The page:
Post-Kzoo Post Follow-Up
So many interesting comments and commentary on Kalamazoo this year. A couple of follow-up answers/comments from me:
"Wormtalk and Slugspeak" is most definitely not a Tolkien reference (I'm not entirely one-dimensional and fixated, you know). It is a reference to The Far Side and an inside joke shared with Prof. Beth Manolescu (who as an undergraduate was known as "Fripp."): We were talking about one of Carnegie Mellon's idiotically titled English core courses ("idiotic" because the titles--"Discourse and Historical Change," "Rhetoric and Social Interaction," gave no information about what was actually in the course), and I said that I wrote a final paper whose title was something like "Thematizing Signifiers of Lack in Six Modern Novelists: Slippage in the Hegemonic Discourse". Fripp paused, took a sip of her beer, and said "I did mine on The Far Side." Another pause. "I got an A." There was a Far Side that made reference to "Wormtalk and Slugspeak: My Life Among the Invertebrates" by some professor, and because I was always working on one novel or another during undergrad, I started to say that I was writing "Wormtalk and Slugspeak."
Tom Shippey's paper was about the search for a Plattsdeutsch epic and Karl Mullenhoff's idea that Beowulf or Kudrun might very well be that epic. As is characteristic, Tom made the history of Beowulf scholarship funny, fascinating and important. He made the Schlesweig/Holstein conflict as understandable as it can be, and was, of course, hugely entertaining.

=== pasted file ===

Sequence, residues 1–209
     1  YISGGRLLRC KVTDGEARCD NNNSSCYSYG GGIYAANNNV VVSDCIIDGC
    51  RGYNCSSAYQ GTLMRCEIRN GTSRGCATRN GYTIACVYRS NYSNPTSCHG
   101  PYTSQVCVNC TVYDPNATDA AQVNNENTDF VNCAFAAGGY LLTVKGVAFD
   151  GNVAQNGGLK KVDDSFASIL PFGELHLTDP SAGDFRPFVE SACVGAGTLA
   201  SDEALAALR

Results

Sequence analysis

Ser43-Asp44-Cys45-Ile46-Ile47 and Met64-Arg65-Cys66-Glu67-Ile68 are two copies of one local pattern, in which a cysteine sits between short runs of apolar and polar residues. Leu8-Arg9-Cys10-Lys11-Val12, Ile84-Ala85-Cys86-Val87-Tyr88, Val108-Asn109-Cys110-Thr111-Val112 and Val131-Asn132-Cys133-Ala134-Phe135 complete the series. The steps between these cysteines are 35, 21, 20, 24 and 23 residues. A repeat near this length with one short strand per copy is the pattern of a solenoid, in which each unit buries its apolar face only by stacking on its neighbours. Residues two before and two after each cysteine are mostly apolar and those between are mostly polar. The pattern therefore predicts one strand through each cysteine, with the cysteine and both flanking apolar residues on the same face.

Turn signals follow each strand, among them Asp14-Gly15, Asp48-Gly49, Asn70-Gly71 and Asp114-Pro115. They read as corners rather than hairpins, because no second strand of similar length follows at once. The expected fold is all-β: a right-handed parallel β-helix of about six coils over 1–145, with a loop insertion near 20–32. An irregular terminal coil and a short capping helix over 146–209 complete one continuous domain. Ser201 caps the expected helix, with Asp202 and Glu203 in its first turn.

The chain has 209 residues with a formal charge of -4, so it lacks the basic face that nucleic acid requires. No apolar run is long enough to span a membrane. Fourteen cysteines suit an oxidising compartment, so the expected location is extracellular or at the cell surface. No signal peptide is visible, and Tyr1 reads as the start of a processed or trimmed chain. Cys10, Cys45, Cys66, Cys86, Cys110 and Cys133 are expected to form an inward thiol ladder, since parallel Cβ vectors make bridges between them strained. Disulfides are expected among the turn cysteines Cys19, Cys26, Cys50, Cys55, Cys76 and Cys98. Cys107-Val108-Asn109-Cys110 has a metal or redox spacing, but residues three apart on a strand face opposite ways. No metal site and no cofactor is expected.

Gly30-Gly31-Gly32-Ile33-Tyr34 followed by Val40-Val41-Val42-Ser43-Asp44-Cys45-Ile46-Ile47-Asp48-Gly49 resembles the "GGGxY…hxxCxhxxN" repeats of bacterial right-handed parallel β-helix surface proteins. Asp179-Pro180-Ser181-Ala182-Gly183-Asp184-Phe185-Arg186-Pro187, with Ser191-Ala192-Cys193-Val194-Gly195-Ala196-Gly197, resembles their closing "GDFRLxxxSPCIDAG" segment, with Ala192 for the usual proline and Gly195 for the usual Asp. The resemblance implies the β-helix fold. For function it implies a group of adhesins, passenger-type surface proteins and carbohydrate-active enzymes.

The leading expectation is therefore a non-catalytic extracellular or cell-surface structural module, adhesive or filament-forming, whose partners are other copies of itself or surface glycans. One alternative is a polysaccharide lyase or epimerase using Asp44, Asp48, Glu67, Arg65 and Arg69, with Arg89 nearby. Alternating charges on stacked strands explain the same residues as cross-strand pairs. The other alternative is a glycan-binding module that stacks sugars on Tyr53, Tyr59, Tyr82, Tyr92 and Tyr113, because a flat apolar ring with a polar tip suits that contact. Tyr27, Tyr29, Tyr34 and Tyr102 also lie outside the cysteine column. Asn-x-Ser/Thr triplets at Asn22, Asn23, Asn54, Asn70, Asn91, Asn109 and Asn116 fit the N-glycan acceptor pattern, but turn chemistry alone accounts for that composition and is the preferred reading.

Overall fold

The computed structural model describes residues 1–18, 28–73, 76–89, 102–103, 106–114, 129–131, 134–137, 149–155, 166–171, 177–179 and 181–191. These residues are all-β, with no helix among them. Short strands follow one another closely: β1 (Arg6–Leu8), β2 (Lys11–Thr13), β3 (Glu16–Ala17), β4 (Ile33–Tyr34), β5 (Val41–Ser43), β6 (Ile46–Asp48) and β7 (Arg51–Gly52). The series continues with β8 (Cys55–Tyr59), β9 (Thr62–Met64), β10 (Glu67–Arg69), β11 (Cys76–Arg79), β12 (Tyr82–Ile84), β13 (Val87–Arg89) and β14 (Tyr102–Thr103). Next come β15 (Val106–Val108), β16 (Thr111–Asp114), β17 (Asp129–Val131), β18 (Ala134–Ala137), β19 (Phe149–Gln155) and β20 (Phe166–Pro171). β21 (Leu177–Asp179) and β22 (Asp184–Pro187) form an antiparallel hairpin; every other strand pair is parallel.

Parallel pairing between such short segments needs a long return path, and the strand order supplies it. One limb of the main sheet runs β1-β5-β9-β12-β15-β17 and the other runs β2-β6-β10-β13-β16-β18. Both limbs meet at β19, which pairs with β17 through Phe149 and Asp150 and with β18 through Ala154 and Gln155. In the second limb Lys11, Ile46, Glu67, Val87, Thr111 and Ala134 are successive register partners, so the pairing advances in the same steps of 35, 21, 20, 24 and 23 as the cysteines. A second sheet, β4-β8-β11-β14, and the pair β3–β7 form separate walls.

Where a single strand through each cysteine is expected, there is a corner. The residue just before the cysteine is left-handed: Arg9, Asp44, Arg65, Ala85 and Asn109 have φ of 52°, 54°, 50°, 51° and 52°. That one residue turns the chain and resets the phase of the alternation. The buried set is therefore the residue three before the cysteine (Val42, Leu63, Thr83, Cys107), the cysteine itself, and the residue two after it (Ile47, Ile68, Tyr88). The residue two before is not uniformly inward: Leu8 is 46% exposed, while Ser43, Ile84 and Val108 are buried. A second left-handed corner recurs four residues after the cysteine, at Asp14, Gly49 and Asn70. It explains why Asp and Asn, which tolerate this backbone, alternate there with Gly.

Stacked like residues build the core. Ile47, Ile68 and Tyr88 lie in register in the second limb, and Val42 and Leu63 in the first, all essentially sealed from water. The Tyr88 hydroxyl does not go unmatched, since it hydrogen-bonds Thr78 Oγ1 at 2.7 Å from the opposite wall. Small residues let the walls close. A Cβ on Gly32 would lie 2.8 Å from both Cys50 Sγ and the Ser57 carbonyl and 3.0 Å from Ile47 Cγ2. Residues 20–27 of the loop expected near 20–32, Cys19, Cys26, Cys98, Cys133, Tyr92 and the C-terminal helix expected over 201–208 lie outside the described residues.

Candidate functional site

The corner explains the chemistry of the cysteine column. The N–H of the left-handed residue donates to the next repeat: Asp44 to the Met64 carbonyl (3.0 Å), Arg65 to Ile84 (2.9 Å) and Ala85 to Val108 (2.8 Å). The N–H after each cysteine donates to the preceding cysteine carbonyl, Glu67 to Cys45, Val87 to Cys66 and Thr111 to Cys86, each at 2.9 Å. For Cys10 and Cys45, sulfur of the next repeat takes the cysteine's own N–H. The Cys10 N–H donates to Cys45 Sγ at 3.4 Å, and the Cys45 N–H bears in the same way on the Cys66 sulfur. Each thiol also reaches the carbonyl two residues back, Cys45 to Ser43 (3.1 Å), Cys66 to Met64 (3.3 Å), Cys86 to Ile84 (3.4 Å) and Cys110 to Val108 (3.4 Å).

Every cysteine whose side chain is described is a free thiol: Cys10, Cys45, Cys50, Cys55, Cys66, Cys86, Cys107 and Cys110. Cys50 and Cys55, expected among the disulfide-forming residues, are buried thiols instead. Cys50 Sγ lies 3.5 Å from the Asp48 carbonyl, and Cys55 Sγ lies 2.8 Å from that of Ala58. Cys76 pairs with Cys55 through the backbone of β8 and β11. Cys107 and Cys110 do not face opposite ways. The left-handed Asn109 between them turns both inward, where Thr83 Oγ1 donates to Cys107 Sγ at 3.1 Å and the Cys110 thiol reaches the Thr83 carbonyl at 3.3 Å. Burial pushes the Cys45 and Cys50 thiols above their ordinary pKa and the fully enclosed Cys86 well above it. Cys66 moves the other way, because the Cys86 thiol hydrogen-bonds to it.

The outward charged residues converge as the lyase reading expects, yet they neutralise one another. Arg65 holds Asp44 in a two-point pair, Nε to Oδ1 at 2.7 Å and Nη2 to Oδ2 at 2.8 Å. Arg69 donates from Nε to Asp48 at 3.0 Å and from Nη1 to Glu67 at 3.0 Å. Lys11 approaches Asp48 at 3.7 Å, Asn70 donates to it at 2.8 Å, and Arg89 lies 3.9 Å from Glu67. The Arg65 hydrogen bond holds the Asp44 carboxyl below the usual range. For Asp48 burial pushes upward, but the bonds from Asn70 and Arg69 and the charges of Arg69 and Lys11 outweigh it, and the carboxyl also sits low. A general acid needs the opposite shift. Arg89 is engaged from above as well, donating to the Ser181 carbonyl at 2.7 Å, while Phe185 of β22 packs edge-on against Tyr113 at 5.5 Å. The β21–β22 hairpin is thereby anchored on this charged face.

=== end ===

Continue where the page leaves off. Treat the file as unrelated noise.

I wish I'd been at the blogger meet-up, but I didn't arrive in Kalamazoo until nearly 9 p.m. I felt that it was important not to impose on my long-suffering spouse too much, so I took a flight that allowed me to get the kids up and off to school before I had to leave for the airport.
That's great news about Paul Acker and PMLA. I'm sure it will be an excellent article. His Revising Oral Theory is truly excellent (it was incredibly useful to me in understanding where Oral Traditional Theory is right now).
"History Geek," I would never 'out' you (and given our conversation at the airport, it's probably a very good idea for you to be pseudonymous at this stage). I really enjoyed our conversation as well. As I said, for the first time ever at Kalamazoo, there wasn't a single person that I talked to whom I didn't enjoy talking to.
And just to follow up on what I meant by those misanthropic reflections: at previous Kalamazoo's I'd always made an effort to go say hello to, say, former committee member or person who was at my defense or seminar teacher from way back. These people don't like me. I don't like them. Yet we would pretend to be pleased to run into each other and then make a few minutes of small talk. This year I didn't bother. It was great. But, I also recognize that what I'm complaining about is basic human interaction and that by avoiding it and only talking to people I like, I'm one step closer to living in the heavily fortified cabin in the Montana wilderness that is at the bottom of at least one slipperly slope...